In this case, we cannot guarantee a compensatory event will be non-destructive unless we can guarantee no sequential events have been inserted between \(E_{2}\) and \(C_{2}\). With sequential events in the mix, we can only make that guarantee if we lock the event stream, constraining write throughput and preventing entries between \(E_{2}\) and \(C_{2}\) to regain atomicity.

This leads us to the following assertions:

- Compensatory events are non-destructive if both set \(E_{n}\) and set \(C_{n}\) are non-sequential.
- \(E_{n}\) is non-sequential if \(E_{1},E_{2},E_{3}\) is equivalent to \(E_{2},E_{1},E_{3}\) and any other combination.
- A single sequential event in an event stream breaks the non-destructive compensation guarantee.

**Caveats**

- Event stream sequentiality is derived from the combination of reducer and events.
This means you could create a second reducer that processes events such that they are no longer non-sequential.
- If \(R_{1}(E_{n})\) is non-sequential, you cannot guarantee \(R_{2}(E_{n})\) is also sequential.

**Practical Applications**

When designing event sourced systems with long lived transactions modelled as sagas, you gain non-destructive compensatory events by ensuring your events are non-sequential. You only need to maintain this non-sequentiality constraint for events in the same stream processed by the same reducer. This means the projection derived from \(R_{1}(E_{n})\) is unaffected by sequential events in stream \(E_{b}\), ergo \(R_{2}(E_{n+b})\) cannot non-destructively handle compensatory events in stream \(E_{n}\) while \(R_{1}(E_{n})\).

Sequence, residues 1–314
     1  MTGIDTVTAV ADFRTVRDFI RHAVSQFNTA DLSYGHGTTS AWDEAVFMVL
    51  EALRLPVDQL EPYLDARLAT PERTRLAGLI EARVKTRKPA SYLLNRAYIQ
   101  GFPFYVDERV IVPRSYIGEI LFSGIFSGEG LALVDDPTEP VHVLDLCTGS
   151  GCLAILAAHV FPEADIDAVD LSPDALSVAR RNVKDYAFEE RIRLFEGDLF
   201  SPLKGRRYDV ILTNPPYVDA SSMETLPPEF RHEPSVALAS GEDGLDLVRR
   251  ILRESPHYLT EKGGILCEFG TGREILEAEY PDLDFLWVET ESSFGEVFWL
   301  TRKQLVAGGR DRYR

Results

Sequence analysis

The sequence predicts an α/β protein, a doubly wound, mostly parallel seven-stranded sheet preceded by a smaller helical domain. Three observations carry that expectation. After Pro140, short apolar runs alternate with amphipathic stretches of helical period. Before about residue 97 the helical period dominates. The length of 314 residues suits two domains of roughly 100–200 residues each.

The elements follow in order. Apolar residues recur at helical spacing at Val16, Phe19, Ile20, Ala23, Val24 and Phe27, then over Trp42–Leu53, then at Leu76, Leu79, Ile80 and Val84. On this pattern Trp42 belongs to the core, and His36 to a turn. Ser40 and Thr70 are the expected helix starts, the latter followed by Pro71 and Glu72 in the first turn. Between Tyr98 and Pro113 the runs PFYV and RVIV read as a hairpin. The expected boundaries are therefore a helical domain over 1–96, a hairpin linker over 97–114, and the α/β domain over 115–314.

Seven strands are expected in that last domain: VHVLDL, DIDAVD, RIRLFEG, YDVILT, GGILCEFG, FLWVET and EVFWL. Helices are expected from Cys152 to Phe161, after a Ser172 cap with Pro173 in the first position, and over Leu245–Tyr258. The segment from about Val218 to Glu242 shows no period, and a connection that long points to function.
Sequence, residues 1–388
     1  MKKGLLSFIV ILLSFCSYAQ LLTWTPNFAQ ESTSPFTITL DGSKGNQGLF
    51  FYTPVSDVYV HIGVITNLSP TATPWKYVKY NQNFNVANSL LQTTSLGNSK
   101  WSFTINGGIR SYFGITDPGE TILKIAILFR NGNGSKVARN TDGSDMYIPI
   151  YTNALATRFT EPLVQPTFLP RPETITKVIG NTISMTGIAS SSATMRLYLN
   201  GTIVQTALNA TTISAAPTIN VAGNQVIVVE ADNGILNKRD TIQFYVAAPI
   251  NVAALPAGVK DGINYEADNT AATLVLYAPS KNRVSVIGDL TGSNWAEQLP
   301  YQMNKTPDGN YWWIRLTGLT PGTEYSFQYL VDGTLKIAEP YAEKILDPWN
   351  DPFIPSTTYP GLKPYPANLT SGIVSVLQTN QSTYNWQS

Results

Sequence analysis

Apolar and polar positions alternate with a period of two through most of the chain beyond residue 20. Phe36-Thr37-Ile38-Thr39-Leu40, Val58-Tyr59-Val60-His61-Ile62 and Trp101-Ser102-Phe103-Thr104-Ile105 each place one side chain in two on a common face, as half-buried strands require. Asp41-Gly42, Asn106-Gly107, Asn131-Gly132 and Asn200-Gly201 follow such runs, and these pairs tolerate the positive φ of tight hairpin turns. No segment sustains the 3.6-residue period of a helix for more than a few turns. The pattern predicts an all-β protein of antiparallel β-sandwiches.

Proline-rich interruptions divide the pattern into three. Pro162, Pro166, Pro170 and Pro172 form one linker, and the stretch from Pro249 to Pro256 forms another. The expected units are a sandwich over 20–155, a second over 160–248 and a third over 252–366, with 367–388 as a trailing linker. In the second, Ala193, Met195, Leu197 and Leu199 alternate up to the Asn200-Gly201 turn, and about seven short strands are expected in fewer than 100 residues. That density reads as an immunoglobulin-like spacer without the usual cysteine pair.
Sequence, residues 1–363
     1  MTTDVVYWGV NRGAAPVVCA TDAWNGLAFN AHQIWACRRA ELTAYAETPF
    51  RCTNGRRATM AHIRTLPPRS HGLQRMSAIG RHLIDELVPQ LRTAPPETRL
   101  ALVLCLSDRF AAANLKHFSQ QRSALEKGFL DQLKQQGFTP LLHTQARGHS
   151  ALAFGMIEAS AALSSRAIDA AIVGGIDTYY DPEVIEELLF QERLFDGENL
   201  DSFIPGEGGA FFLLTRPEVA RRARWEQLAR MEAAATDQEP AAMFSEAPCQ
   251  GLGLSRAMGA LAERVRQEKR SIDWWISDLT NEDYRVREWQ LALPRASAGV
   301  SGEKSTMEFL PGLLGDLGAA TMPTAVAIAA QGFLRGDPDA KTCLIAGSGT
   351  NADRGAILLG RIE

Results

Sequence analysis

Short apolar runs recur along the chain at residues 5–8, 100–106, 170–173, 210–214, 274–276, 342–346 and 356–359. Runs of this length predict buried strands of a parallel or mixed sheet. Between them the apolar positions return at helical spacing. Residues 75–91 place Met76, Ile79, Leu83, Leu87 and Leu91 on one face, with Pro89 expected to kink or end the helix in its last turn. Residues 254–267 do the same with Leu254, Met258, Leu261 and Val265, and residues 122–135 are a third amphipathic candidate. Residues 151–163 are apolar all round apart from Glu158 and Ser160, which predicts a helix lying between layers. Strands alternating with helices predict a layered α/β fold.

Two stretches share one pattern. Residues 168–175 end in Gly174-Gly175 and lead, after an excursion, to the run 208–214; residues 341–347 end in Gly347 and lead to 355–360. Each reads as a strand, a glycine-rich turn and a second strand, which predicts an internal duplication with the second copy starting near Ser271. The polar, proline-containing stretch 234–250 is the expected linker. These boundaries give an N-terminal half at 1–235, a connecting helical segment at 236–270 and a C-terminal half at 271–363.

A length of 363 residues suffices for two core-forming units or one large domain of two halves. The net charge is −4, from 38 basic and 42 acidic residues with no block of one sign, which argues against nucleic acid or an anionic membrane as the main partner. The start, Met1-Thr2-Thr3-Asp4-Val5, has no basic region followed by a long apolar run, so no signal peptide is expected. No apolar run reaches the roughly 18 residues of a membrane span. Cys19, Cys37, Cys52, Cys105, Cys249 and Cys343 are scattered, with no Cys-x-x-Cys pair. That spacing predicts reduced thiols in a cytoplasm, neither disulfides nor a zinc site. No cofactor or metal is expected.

In a practical sense, reverting a sales order might re-apply deducted funds from a users account — \(R_{1}(E_{n})\) is non-destructive — but it won’t put an item back into inventory if it has already shipped — \(R_{2}(E_{n+b})\) *is* destructive.

The key takeaway here is to be mindful of your events — are they sequential? If so, is it because there is some stateful information in the event payload that should be refactored into a delta? If it cannot be turned into a delta, you will need to consider the business implications of your compensatory event, i.e. booking a return parcel for a customer, dispatching an email, etc. It often becomes a matter of invoking a compensatory command or saga within the destructively compensated domain.